Cytomegalovirus accelerates the decline of the immune system regardless of age

Scientists from the University of Córdoba have been investigating the changes that occur in the T lymphocytes of the immune system with increasing age and with respect to the cytomegalovirus herpesvirus.

Cytomegalovirus accelerates the decline of the immune system regardless of age
Researchers Rafael Solana, Alejandra Pera, and Fakhri Hassouneh. Image Credit: University of Córdoba.

T lymphocytes are the cells found in the immune system and responsible for protecting against viruses and cellular modifications that occur in carcinogenic processes. They can “remember” and recognize the “enemy” such that their response times are shortened when reinfections occur. The process of deterioration of the immune system with age is known as immunosenescence.

However, besides being chronological, the aging of the immune system may be based on other factors. A study by researchers from the University of Córdoba and the city’s Maimonides Institute for Biomedical Research (IMIBIC) reports cytomegalovirus herpesvirus is one such factor. This virus can accelerate the immune system’s decline, irrespective of age.

Cytomegalovirus(CMV), a more common herpes virus, is highly prevalent and increases with age. However, it does not produce any kind of symptoms. Similar to cold sores, CMV reactivates at times, and the immune system tends to rebuild a memory against it.

This virus, unlike others, has a strong impact on the immune system. It wears it down considerably, since it generates a lot of memory, as it has to be constantly watched for,” the researchers noted.

Headed by Prof. Solana, the researchers collaborated with Emergent Researcher Dr Alejandra Pera and Fakhri Hassouneh, spending several years investigating whether the modifications and deterioration of the immune system are caused by age or by the cytomegalovirus.

Their recent studies analyzed healthy individuals in three age categories (young, middle-aged, and older), In total, 119 people were organized into two groups: infected with CMV and not infected.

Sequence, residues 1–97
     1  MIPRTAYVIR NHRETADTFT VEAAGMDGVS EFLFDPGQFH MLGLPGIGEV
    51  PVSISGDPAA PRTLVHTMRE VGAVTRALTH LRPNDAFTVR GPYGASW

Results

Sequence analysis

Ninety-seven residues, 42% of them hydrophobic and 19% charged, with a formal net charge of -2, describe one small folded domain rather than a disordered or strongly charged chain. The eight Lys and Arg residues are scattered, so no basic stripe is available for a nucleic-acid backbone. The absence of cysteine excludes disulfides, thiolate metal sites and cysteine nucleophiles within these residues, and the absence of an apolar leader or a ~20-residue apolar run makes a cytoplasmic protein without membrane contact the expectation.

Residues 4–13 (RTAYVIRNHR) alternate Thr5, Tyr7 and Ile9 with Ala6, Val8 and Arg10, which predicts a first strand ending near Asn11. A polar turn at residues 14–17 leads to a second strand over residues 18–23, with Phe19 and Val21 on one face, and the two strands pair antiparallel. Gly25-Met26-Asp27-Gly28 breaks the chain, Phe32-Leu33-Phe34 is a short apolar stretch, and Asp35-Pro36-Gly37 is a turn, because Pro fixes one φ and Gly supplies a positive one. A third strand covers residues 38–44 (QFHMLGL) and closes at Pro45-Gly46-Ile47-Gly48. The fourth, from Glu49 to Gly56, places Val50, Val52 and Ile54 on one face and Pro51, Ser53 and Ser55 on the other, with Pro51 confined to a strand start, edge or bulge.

Healthy donors were selected for the study through UCO students, health centers, university and hospital staff, as well as donors from a group of healthy German individuals. As part of Hassouneh’s predoctoral stay, the team joined hands with the research group under Professor Graham Pawelec from the University of Tübingen (Germany).

Dr Alejandra Pera notes that in some people, infection by this virus causes the expansion of pro-inflammatory and pro-atherogenic cells; that is, it can cause various vascular disorders, and even increase one’s chances of being affected by cardiovascular diseases by 20%.

Not all people who contract the virus generate this type of cell, but in those that do, they build up and, when they pass a threshold, a percentage, they can cause severe problems.”

Dr Alejandra Pera, University of Córdoba

At present, the researchers are investigating the behavior of these cells in patients suffering from heart diseases such as aortic stenosis, to identify the threshold enabling them to define the risk factor.

Meanwhile, they are also working on a project focused on the effect of cytomegalovirus in relation to COVID-19 and its impacts on the immune system.

The advantage of knowing that all this could have a viral origin is how we could stop it. If it were exclusively related to age, we wouldn’t be able to stop it.”

Dr Alejandra Pera, University of Córdoba

Source:
Journal reference:

Hassouneh, F., et al. (2021) Functional Changes of T-Cell Subsets with Age and CMV Infection. International Journal of Molecular Sciences. doi.org/10.3390/ijms22189973.

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